Interpersonal skills. Operations research analysts typically work on teams. They also need to be able to convince managers and top executives to accept their recommendations.

Math skills. The models and methods used by operations research analysts are rooted in statistics, calculus, linear algebra, and other advanced mathematical disciplines.

Problem-solving skills. Operations research analysts need to be able to diagnose problems on the basis of information given to them by others. They then analyze relevant information to solve the problems.

Writing skills. Operations research analysts write memos, reports, and other documents explaining their findings and recommendations.

Operations Research Analyst Salaries[About this section] [More salary/earnings info] [To Top]

The median annual wage for operations research analysts was $78,630 in May 2015. The median wage is the wage at which half the workers in an occupation earned more than that amount and half earned less. The lowest 10 percent earned less than $43,520, and the highest 10 percent earned more than $132,500.

In May 2015, the median annual wages for operations research analysts in the top industries in which they worked were as follows:

Federal government $108,500
Manufacturing 89,420
Professional, scientific, and technical services 83,690
Management of companies and enterprises 79,990
Finance and insurance 75,730

Almost all operations research analysts work full time. About 1 in 6 worked more than 40 hours per week in 2014.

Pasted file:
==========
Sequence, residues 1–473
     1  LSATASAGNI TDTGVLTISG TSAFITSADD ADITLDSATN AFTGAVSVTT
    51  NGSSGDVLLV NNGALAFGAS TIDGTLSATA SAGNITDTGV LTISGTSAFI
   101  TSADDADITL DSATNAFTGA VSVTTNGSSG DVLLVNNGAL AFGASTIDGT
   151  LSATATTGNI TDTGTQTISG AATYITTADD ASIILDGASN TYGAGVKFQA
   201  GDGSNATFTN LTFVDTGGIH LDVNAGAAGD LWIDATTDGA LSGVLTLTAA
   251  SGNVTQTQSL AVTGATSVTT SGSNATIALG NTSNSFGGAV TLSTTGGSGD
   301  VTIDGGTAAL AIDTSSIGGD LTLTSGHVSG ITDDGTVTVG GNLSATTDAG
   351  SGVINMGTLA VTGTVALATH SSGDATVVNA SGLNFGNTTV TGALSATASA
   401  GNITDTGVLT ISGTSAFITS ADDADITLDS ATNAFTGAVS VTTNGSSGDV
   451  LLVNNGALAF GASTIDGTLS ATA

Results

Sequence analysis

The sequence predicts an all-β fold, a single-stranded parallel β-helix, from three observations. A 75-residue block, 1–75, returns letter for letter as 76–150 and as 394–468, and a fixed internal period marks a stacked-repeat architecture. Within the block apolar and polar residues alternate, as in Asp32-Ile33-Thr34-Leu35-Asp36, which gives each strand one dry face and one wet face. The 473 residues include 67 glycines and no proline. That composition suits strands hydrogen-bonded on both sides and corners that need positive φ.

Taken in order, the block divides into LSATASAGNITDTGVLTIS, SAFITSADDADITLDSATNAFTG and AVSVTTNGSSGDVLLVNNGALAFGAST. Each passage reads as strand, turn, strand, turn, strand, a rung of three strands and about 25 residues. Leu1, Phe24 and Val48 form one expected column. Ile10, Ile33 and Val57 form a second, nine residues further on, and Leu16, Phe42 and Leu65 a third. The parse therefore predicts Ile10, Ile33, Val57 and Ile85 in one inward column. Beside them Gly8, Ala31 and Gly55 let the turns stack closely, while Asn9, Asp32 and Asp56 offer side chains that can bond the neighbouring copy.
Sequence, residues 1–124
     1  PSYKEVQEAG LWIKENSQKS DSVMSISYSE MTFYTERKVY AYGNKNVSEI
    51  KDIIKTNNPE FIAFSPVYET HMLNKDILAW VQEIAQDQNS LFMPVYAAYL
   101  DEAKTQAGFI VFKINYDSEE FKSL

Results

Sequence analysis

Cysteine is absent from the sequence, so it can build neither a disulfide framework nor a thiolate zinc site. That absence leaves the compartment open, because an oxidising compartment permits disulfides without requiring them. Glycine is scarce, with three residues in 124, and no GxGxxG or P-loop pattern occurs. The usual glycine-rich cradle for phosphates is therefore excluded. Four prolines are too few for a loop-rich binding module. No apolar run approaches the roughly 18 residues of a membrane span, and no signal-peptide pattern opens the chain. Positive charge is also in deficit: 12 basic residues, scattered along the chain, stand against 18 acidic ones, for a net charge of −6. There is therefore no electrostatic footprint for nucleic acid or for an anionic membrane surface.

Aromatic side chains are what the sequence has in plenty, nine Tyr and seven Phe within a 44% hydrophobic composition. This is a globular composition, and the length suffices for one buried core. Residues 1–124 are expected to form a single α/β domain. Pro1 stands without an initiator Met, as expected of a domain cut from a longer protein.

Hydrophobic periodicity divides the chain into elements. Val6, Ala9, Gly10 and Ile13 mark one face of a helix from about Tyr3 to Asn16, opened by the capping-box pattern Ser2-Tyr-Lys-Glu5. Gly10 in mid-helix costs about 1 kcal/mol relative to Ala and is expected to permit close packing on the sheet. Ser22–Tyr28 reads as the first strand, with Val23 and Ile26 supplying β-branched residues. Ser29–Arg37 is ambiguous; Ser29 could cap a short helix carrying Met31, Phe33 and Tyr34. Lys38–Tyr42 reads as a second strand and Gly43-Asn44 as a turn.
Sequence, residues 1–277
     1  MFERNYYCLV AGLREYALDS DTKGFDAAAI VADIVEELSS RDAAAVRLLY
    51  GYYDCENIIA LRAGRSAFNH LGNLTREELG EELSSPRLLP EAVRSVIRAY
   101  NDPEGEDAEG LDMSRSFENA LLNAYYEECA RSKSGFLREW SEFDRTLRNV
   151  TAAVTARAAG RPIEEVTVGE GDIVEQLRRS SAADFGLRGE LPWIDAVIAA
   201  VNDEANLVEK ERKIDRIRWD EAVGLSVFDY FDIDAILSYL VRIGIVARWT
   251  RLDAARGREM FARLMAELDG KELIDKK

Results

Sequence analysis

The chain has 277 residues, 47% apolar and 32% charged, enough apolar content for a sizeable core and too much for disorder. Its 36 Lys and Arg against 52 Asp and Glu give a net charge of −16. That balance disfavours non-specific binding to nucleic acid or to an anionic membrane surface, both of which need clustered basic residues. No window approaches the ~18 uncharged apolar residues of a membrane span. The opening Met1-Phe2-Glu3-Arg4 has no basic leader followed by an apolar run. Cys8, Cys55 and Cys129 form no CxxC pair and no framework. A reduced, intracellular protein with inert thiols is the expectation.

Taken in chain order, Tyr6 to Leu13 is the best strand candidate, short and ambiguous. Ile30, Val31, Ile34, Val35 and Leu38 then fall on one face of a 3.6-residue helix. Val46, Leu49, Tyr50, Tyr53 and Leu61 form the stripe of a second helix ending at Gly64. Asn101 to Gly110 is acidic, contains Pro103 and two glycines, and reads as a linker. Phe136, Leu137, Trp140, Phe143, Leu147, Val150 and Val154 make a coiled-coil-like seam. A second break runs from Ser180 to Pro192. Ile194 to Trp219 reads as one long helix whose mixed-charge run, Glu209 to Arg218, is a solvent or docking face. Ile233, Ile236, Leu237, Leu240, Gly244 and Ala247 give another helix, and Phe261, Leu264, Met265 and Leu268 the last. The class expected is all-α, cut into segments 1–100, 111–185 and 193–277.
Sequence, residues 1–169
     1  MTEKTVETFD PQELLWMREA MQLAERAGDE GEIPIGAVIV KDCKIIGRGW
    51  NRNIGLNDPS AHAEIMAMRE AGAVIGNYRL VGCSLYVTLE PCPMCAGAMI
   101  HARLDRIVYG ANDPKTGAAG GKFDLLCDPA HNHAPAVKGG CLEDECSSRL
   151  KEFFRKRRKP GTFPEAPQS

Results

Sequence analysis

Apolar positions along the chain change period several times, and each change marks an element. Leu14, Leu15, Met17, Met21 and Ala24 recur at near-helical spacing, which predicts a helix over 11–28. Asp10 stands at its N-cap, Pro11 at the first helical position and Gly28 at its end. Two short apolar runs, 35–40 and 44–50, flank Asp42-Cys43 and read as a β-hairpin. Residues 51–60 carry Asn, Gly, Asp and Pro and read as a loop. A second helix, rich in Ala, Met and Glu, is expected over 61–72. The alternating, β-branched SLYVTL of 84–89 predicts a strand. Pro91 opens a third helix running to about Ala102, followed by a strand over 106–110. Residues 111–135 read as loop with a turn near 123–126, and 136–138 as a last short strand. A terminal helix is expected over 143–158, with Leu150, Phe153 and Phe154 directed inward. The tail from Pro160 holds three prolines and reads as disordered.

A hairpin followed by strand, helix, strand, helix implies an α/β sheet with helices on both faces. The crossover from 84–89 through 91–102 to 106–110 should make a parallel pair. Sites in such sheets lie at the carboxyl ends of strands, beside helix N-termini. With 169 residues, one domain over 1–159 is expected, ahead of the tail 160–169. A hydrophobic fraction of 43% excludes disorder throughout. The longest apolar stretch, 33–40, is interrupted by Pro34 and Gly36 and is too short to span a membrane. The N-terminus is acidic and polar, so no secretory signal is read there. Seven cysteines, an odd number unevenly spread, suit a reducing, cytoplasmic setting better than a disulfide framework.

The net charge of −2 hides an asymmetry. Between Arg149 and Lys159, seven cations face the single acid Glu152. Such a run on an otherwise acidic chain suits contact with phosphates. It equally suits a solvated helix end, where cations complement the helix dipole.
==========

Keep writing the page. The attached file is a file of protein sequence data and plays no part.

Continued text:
Job Outlook for Operations Research Analysts[About this section] [To Top]

Employment of operations research analysts is projected to grow 30 percent from 2014 to 2024, much faster than the average for all occupations. As technology advances and companies seek efficiency and cost savings, demand for operations research analysis should continue to grow. In addition, increasing demand should occur for analysts in the field of analytics in order to improve business planning and decisionmaking.

Operations research analysts will continue to be needed to provide support for the Armed Forces and to assist in the development and implementation of policies and programs in other areas of government.

Technological advances have made it faster and easier for organizations to get data. In addition, improvements in analytical software have made operations research more affordable and more applicable to a wider range of areas. More companies are expected to employ operations research analysts to help them turn data into valuable information that managers can use in order to make better decisions in all aspects of their business. For example, operations research analysts will be needed to help businesses improve their manufacturing operations and logistics.

Operations Research Analysts Job Prospects

Opportunities should be better for those who have a master’s or Ph.D. degree in operations research, management science, or a related field. Applicants with business experience in addition to strong analytical skills will also likely have the best job prospects.

Employment projections data for Operations Research Analysts, 2014-24
Occupational Title Employment, 2014 Projected Employment, 2024 Change, 2014-24
Percent Numeric
Operations research analysts 91,300 118,900 30 27,600

*Source: Bureau of Labor Statistics, U.S. Department of Labor. Used by permission.